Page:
+ $\theta _{q,m}^{{}}\text{=}\frac{\text{1}}{\text{4}}\text{+}\frac{5+{{\beta }_{\text{2}}}+\text{Kn}\left( 32+\text{6}{{\beta }_{\text{2}}} \right)}{24{{\left( 1+8\text{Kn} \right)}^{2}}}$ +
+ |{{EquationRef|(32)}} + |} + + {| class="wikitable" border="0" + |- + | width="100%" |
+ $\theta _{q,w}^{{}}\text{=-}\frac{\text{2-}{{F}_{t}}}{{{F}_{t}}}\frac{4\gamma }{1+\gamma }\frac{\text{Kn}}{\Pr }$ +
+ |{{EquationRef|(33)}} + |} + + Aydin and Avci investigated the effects of the Brinkman number and Knudsen number for both fully developed flow and temperature profile in a microchannel with circular cross-section using the above analytical technique. Kn = 0 represents the macroscale case, while Kn > 0 holds for the microscale case, and Brq = 0 represents the case without the effect of the viscous dissipation. + + Figure to the right shows the variation of Nusselt number with the Knudsen number for different Brinkman numbers for the case of constant wall heat flux Bahrami, H., 2009, Personal Communication, Storrs, CT.. For Brq = 0, an increase at Kn decreases Nu due to the temperature slip at the wall. Viscous dissipation significantly affects Nu.  Positive values of Brq correspond to wall heating (${{{q}''}_{w}}>0$), while the opposite is true for negative values of Brq. With no viscous dissipation, the solution is independent of whether there is wall heating or cooling.  Nu decreases with increasing Brq for the wall heating case. Increasing Brq in the negative direction increases Nu. The trend followed by Nu versus Kn for lower values of the Brinkman number, either in the case of wall heating (Brq = 0.05) or in the case of wall cooling (Brq = –0.05) is very similar to that of Brq = 0. For the wall cooling case, at Brq = –0.1, the decreasing effect of Kn on Nu is more significant.  At Brq = 0.1, increasing Kn increases Nu up to $\text{Kn}\approx 0.01$ where a maximum occurs, after which Nu decreases with increasing Kn. + + ===Constant Wall Temperature=== + + Aydin and Avci investigated the effects of the Brinkman and Knudsen numbers for both fully developed flow and temperature profile in a microchannel with circular cross-section tube subjected to constant wall temperature. They assumed that the fluid temperature at the wall does not change along the tube length, i.e. $d{{T}_{s}}/dx=0$. However, their analysis for the viscous dissipation effect on Nusselt number was found to be inconsistent with other researchers’ results Hooman, K., 2008, “Comments on ‘Viscous-dissipation effects on the heat transfer in a Poiseuille flow’ by O. Aydin and M. Avci”, Applied Energy, Vol. 85, pp. 70-72. In the following the effect of the Knudsen number for both fully developed flow and temperature profile in a microchannel subjected to constant wall temperature considering variation of fluid temperature at the wall (i.e. $d{{T}_{s}}/dx\ne 0$) is presented . + The non-dimensional temperature profile is defined as: + + {| class="wikitable" border="0" + |- + | width="100%" |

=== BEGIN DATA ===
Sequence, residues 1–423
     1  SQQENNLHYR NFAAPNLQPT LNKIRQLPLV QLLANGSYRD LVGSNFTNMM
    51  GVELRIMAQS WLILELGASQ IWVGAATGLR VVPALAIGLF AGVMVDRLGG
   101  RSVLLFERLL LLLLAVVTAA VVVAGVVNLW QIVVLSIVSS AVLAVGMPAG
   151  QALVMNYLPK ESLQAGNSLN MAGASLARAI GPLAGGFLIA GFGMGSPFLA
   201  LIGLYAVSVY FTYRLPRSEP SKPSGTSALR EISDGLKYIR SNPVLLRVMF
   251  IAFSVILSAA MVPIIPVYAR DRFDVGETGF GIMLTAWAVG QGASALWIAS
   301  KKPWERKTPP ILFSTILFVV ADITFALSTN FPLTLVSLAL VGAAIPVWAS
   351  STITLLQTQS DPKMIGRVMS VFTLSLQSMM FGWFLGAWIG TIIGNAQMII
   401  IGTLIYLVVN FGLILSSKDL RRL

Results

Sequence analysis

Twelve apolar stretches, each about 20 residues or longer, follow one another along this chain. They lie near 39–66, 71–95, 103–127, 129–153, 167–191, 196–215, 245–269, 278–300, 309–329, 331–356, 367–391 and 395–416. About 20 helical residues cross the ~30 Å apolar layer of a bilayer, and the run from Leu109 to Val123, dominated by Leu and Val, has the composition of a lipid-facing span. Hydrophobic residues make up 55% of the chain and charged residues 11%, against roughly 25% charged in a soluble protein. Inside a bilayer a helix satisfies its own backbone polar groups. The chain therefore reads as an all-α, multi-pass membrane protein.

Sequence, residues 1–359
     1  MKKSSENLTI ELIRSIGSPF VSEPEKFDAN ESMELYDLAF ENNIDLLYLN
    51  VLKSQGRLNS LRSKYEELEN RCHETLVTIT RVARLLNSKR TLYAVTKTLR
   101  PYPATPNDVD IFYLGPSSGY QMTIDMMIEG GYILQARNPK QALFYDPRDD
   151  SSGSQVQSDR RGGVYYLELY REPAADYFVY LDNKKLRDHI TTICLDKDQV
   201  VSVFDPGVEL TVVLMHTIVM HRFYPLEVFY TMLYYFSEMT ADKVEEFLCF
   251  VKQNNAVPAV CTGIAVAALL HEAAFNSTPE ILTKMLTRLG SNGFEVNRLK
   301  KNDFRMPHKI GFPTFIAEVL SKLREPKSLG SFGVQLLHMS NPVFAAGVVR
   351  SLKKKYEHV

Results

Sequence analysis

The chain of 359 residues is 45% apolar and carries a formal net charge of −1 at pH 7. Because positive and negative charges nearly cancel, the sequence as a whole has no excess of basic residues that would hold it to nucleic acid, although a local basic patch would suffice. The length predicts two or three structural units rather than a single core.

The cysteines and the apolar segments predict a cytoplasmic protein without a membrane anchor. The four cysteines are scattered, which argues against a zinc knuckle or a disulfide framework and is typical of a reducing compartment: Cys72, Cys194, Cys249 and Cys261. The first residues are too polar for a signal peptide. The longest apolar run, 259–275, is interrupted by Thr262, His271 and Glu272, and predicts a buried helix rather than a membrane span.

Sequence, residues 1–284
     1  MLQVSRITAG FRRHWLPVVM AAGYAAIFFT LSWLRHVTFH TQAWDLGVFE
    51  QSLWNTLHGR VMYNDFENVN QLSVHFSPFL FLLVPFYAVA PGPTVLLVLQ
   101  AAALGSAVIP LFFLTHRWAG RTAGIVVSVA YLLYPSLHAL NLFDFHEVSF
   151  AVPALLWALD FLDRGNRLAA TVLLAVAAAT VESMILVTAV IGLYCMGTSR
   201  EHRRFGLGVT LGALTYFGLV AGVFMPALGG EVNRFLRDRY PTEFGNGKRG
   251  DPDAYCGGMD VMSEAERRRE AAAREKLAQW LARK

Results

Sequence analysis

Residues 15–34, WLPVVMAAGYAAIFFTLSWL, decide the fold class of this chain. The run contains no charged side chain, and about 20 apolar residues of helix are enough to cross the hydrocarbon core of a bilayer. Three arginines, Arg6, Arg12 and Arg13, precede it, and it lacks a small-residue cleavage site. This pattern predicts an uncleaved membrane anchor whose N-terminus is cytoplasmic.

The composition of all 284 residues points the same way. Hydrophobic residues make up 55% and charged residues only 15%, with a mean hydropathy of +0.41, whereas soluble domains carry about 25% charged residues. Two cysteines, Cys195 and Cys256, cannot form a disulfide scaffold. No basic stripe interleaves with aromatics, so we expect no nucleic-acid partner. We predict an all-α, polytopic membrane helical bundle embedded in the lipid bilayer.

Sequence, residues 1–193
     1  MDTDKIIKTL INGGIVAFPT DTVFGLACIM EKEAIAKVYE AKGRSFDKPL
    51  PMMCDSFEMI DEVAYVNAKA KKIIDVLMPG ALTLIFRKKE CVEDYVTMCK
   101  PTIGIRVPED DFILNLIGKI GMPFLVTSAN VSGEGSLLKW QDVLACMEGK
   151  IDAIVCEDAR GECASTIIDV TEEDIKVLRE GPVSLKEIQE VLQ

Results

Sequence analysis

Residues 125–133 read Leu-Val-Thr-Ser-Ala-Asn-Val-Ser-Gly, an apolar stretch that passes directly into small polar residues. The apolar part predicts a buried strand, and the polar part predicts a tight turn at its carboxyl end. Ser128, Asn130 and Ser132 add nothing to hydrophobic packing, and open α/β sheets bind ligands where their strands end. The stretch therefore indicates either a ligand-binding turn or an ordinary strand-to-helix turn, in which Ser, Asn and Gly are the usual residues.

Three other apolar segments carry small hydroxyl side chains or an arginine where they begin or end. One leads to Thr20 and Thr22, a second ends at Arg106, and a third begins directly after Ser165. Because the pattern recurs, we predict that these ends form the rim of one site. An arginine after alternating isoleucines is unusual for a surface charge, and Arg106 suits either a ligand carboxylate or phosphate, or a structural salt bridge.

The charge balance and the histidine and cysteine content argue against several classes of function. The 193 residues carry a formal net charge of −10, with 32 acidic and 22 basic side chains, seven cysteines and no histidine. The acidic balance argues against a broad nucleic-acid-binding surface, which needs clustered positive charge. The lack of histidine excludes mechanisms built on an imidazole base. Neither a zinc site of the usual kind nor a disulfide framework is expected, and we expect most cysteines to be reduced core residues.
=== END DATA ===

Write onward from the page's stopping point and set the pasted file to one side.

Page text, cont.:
+ $\theta =\frac{{{T}_{s}}-T}{{{T}_{s}}-{{T}_{c}}}\text{ }$ +